In my post-college life, my favorite leafy green substance has to be basil. I seriously cannot get enough of it. I put that shiz on everything!
Last week I did a major overhaul of the garden and decided to sow some seeds that seemed to be flourishing on my balcony. I now have the beginnings of what just might be more basil than I know what to do with.
Maybe I should start a small business?
Do you have any plants that are doing particularly well? I want to hear your success stories!
I admitted in my very first post that I was not necessarily a skilled gardener. I am definitely a novice, and someone who is prone to mishaps, or rather, serious missteps along the way. This week proved that theory, as I cruelly neglected my little balcony garden while caught up in other life things, and noticed only yesterday how very bad it’s gotten.
The rain has drowned many of my new flowers, leaving a small swamp for me to deal with. My radishes have sprouted flowers, which I am not sure they are supposed to do, and my lettuces have straight up perished.
I am going away this weekend for a wedding (’tis the season) and I am at a loss at how to solve all of these problems before I take off tomorrow morning.
Leave your condolences in the comments, I need as much support as I can get!
Twelve weeks of gardening, and I can finally enjoy the fruits of my labor! Well, not so much fruits as herbs.
A few days ago I went out onto the balcony and plucked basil, rosemary, and chives, all ready to be chopped up and thrown into a lovely herb crusted chicken dish – which I of course, forgot to take a picture of.
However, now that food-eating season is upon us, I plan to start including lots of my favorite recipes and tutorials. After all, I grew these plants for a reason! And that reason is for them to be in my mouth.
Some of my favorite summer recipes are things like simple Caprese salads, grilled corn with lots of butter, asparagus (by the way, RIP my asparagus, they did not like it outdoors), and most kinds of mojitos. What are some of yours? Are you picking up what they are putting down at the new McGolrick farmer’s market? Tell me everything @everydaycaitlin
An appropriate title for this week’s column might be, “Sad, Droopy Things”. I mean, wasn’t that what we all were this past week?
The H was O, as they say, and we were all wondering how this could possibly be just the beginning of summer (or, technically, still the end of spring).
My plants were no exception, and as I checked on them this morning, I noticed that many of them had shriveled a little under the stress of the humidity. My most promising squash seems to have deflated, turning in on itself in an almost painful display of undernourishment.
Don’t worry little guy, I got you! This week is all about making sure the basic needs of my baby seeds get met.
It’s been a rainy, muggy week here in Greenpoint. I’m going to be honest and say I’ve spent more time catching up on TV and frequenting the brand new Beloved than gardening. However, sometimes the plants take care of themselves (hey, they’ve been doing it since literally forever!). This morning I awoke to a really special sight. Out of nowhere it seemed that my squash had blossomed! I have a whole mess of little yellow flowers. I was told I should try catching some of these before they bloom, stuff them with cheese and fry them, ….maybe I will give it a shot tonight. This past weekend, before the rain, I transferred all of my cowpots into regular-sized pots. They seem to be doing well and growing ten times faster. It’s amazing what a little space can do (am I right, Brooklyn renters?)!
Can I just brag about something for a minute? 8 Weeks ago I started this humble column with the intention of using it to help me stick to my gardening and spread information related to the neighborhood. I wanted to feel inspired every week to plan, maintain, learn, and ultimately be a better grower and producer. This week I took a step back and looked at what I had accomplished thus far.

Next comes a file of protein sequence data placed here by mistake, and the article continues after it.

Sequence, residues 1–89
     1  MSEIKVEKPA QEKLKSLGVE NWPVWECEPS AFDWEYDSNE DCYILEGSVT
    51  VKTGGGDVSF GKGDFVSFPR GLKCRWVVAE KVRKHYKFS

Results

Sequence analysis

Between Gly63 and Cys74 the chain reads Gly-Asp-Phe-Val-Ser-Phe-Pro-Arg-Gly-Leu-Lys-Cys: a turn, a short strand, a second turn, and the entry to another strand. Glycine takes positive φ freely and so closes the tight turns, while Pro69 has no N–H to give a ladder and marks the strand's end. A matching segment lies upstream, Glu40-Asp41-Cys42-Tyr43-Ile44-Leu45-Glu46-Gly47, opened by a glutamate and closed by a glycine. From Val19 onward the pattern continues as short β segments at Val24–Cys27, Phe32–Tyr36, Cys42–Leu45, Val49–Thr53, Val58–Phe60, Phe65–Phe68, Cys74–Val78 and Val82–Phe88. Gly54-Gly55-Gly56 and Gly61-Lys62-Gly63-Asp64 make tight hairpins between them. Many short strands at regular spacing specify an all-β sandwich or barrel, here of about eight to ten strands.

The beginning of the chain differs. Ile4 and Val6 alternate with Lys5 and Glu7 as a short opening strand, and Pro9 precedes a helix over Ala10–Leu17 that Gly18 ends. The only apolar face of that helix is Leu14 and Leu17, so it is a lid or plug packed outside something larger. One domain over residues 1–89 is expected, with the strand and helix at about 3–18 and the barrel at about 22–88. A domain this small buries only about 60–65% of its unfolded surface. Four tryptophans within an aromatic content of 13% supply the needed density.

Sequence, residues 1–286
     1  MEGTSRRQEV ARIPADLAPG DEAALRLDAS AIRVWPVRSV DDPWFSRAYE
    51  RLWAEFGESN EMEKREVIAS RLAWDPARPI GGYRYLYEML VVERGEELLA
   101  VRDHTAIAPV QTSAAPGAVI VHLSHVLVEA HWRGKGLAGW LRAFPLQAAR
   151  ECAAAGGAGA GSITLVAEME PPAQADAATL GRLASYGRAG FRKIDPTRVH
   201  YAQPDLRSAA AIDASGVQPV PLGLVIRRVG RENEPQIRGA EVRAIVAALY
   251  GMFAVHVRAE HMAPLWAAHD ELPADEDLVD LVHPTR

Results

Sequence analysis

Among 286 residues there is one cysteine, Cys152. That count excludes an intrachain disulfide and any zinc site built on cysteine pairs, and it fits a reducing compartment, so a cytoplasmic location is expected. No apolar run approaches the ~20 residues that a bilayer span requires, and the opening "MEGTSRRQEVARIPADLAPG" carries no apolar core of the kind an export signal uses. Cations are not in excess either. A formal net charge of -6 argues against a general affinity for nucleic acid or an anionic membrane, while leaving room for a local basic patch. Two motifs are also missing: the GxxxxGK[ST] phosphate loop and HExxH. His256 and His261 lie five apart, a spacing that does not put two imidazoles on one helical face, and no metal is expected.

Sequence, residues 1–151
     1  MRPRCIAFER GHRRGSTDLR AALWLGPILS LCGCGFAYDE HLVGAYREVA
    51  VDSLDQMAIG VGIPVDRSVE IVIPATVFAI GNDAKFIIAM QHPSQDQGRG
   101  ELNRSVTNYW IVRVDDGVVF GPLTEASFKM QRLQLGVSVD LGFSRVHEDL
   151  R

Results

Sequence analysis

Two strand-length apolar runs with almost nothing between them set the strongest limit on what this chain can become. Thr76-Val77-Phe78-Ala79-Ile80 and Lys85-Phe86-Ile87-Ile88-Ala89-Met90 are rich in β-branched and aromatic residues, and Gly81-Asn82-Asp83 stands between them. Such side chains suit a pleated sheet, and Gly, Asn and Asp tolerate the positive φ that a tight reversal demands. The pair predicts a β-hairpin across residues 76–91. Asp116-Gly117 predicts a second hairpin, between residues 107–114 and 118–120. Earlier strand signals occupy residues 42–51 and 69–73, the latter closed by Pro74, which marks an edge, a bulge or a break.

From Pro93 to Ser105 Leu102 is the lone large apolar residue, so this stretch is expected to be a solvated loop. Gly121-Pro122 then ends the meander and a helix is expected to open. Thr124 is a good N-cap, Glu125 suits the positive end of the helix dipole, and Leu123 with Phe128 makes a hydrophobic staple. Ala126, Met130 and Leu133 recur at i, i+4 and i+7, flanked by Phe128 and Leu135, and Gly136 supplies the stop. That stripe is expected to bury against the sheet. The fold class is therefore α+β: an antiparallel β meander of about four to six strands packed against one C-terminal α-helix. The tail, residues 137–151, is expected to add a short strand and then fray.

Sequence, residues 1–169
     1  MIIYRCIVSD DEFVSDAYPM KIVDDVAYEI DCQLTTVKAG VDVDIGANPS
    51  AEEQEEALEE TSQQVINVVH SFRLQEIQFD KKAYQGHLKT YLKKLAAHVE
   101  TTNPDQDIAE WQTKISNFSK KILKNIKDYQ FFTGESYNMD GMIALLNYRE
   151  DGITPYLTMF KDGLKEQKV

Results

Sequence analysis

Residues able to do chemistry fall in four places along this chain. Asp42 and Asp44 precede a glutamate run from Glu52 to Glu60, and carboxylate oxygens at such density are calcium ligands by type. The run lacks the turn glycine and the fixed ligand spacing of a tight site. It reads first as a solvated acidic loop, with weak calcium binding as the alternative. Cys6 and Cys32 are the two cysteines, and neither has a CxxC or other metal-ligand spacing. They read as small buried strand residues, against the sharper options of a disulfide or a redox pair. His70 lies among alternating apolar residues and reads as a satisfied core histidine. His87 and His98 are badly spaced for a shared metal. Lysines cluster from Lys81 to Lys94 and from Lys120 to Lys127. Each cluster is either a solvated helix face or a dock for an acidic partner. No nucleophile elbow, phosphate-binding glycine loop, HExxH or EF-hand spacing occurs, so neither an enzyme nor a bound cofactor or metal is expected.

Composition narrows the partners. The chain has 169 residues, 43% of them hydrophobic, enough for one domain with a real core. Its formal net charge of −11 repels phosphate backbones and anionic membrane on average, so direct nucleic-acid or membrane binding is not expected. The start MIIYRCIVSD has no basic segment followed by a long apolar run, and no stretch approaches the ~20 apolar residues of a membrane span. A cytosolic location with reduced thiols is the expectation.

My lettuces are not big enough to eat yet, but they are lush and healthy. My basil emits the most intense, wonderful smell at the touch. Sunflowers and radishes are shooting out of the dirt over night. But there is one plant I am particularly excited about.
My summer squashes are as sturdy as trees. They have these big, vibrant leaves and every time I look at them I am filled with a great sense of pride. They were once tiny seeds, and now they are big, beautiful plants. Way to go, little guys!
I guess this is the rewarding feeling everyone talks about. While I haven’t gotten to taste the fruits of my labor, I get to witness it every day and know I am doing something right. It’s totally awesome.
So, how is your garden coming along? I want to see pics! Tweet me @everydaycaitlin
So now that the spring is fully upon us, and our plants are safe being left outdoors 24/7, it’s time to start planning field trips! As you know, this is my first foray into gardening in Greenpoint, so I have a serious to-do list as far as places to go and things to see.
Eagle Street Roof Top Farm As I’ve been living in Greenpoint for over 2 years, it’s sad/surprising that I’ve never been here before. I am really excited to head over in a few weeks and check it out during their open hours – I’ve heard that view is spectacular!
Gotham Greens This hydroponic greenhouse on top of the Greenpoint Wood Exchange is like my tiny greenhouse on steroids, and I am sort of obsessed with it. Founded in 2008, it produces 80 tons of quality produce year-round. They aren’t currently doing tours, but maybe they will make an exception for Greenpointers? Hey guys, how about it?
Brooklyn Grange While technically in Long Island City, Brooklyn Grange is going to be worth the (tiny) trek. Another rooftop farm, the Grange grows over 40 kinds of tomatoes (jealous!) as well as greens, radishes, herbs and so much more.
Java St. Garden This community garden at 59 Java Street just got the green light to dig in this spring! They are still getting things started, and regularly have planting sessions on Saturdays so feel free to stop by and help out.
Red Shed Community Garden The Red Shed Community Garden is located at 266 Skillman Street, and functions both as a green space in an otherwise industrial area, and a classroom to teach students about agriculture. They have open gardening days, as well as free-plant giveaways (the next one is May 8th!)